Media Kit



Anne Perdue
Phone: 202-805-5164
Fax: 800-979-0620

Our program Co-Chairs Jasna Jovanovic, California Polytechnic State University and Mitchell J. Prinstein, University of North Carolina, Chapel Hill, have organized a dynamic invited program by inviting distinguished scholars to present on a variety of topics that will advance understanding of adolescence. Click here to access the full invited panel or below for a brief summary of some presentations we have identified.

For longer descriptions of the talks listed above visit the
SRA Invited Program and Special Events Page

  1. Sleep and the Developing Adolescent Brain: Implications for Behavior and Well-Being
    Thu, 8:30 to 10:00am, Hilton, Second Floor, Symphony Ballroom 3
  2.  A Social Justice Lens on Equity and Social Determinants of Health
    Thu, 12:15 to 1:45pm, Hilton, Third Floor, Minneapolis Grand Ballroom-Salon A
  3. Education, Inequality, and Opportunity in America
    Thu, 3:45 to 5:15pm, Hilton, Third Floor, Minneapolis Grand Ballroom-Salon A
  4. Peer Victimization, Dating Violence, & Mental Health Issues among Sexual & Gender Minority Youth: Building Protective Schools and Communities
    Fri, 8:30 to 10:00am, Hilton, Second Floor, Symphony Ballroom 3
  5. Social Media: Risks and Opportunities for Adolescent Development
    Fri, April 13, 10:15 to 11:45am, Hilton, Third Floor, Minneapolis Grand Ballroom-Salon A
  6. The Adolescent Brain Cognitive Development (ABCD) Study: Overview, Emerging Data and Opportunities
    Fri, April 13, 12:15 to 1:45pm, Hilton, Third Floor, Minneapolis Grand Ballroom-Salon B
  7. RDoC: A Lens for Understanding Changes in Adolescent Brain and Behavior
    Sat, April 14, 10:15 to 11:45am, Hilton, Third Floor, Minneapolis Grand Ballroom-Salon A
  8. Interpersonal Risk (and Opportunity) During Adolescence: A Multi-level Perspective on the Emerging Gender Difference in Depression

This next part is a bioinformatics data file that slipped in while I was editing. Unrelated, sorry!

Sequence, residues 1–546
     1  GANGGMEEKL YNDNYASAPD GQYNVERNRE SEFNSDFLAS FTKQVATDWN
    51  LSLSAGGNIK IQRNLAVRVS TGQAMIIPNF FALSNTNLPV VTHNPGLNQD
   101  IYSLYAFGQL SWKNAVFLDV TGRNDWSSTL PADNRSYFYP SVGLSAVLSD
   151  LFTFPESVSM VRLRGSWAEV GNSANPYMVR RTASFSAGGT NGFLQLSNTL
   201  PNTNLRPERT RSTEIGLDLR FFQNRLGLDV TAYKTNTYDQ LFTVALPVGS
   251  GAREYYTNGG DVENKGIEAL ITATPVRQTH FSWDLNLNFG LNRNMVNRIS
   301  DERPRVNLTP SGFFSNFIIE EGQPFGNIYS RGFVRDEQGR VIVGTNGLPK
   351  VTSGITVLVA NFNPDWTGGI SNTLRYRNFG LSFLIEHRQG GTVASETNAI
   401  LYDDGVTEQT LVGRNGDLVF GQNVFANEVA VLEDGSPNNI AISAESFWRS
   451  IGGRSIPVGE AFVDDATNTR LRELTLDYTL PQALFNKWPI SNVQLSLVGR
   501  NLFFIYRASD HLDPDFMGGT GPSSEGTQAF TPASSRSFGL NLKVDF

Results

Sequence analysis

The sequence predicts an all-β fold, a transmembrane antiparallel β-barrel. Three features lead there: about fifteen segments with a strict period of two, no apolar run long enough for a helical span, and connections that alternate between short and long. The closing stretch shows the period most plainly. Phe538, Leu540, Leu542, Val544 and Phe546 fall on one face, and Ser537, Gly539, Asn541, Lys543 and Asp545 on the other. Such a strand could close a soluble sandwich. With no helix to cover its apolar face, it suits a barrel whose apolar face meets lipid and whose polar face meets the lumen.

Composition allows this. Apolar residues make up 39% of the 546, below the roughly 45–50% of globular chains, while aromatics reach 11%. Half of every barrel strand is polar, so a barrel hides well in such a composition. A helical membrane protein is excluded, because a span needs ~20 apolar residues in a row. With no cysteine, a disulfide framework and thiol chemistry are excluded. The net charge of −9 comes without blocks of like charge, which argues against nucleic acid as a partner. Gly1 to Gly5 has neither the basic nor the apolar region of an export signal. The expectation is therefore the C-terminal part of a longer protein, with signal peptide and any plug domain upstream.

Sat, April 14, 12:15 to 1:45pm, Hilton, Third Floor, Minneapolis Grand Ballroom-Salon A


The conference will feature cutting-edge research that can inform the discussion of a number of current social issues, including today’s parent, #MeToo, Black Lives Matter, immigration and bullying/cyber-bullying.

Humans spend one-third of their lives asleep, and we’re learning more about the role of sleep in health and development every year. On Thursday at 8:30am, Dr. Adriana Galván will present about sleep and the developing adolescent brain with a special focus on behavior and well-being.


Health is influenced by a number sources, and we are increasingly coming to understand that social equity also plays a key role. On Thursday at 12:15pm, Dr. Kimber Bogard will lead a panel focused on how a social justice view can lead researchers, policymakers, and practitioners to better understand the roots of inequity and its relationship to health.


Education is widely imagined to be the pathway to economic opportunity. But, are our schools engines of equal opportunity or agents of inequality? To answer this, on Thursday at 3:45, Dr. Sean Reardon uses 300 million test scores to show that economic inequality and segregation play powerful roles in shaping educational opportunity.


Estimates suggest that as many as 89% of adolescents belong to a social networking site like Instagram or Snapchat, with 71% belonging to more than one (Lenhart, 2015). As adolescents turn to social media at unprecedented rates and with staggering frequency, it becomes critical to examine the role of social media in the lives of young people. On Friday at 10:15 am, Dr. Jacqueline Nesi will bring together leaders in the field to discuss the risks and benefits of social media for youth.


From suicidal ideation to delinquent behavior, adolescence is a period where risk for poor well-being increases dramatically. On Friday at 12:15pm, Dr. Sandra Brown will lead a panel on efforts to increase our understanding of how experience interacts with changing biology to influence brain, cognitive, and social/emotional development. On Saturday at 10:15am, a panel led by Dr. Margaret Sheridan will discuss brain, behavioral, and interpersonal processes underlying risk for poor well-being.


Adolescence is a stage of life marked by striking transformations in adolescent’s social worlds. On Saturday at 12:15, Dr. Karen Rudolph will discuss a program of work that highlights how these transformations shape the health and well-being of adolescent girls.


Sexual and gender minority youth and gender minority populations often experience elevated levels of peer victimization, truancy, depression, and suicidal behaviors than their straight-identified peers. On Friday at 8:30am, Dr. Dorothy Espelage will discuss school-based interventions that are showing progress in reducing victimization among these youth.